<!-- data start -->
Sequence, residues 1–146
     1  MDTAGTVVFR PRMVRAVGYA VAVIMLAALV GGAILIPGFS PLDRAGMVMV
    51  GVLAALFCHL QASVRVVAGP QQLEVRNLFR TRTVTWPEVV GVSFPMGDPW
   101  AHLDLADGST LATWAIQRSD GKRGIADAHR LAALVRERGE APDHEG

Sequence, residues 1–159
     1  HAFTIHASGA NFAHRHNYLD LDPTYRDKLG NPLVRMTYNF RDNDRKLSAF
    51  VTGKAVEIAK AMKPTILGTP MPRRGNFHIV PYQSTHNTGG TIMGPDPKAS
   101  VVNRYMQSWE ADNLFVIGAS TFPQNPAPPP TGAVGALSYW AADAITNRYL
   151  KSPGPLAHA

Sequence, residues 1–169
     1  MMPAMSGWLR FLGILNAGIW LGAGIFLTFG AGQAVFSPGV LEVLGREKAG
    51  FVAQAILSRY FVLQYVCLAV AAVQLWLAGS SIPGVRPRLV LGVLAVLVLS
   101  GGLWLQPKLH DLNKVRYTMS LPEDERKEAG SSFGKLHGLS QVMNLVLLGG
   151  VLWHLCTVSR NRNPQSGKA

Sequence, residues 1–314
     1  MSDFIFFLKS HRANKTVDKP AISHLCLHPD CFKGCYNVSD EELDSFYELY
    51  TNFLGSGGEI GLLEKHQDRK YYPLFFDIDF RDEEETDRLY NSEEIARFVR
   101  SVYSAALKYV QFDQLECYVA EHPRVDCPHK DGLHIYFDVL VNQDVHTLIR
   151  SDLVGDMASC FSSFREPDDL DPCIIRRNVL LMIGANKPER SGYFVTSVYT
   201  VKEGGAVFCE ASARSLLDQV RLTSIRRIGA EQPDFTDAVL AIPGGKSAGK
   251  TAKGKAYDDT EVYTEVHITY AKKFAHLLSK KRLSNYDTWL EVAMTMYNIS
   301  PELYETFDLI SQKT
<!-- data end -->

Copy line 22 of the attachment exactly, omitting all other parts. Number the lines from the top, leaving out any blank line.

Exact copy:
   301  PELYETFDLI SQKT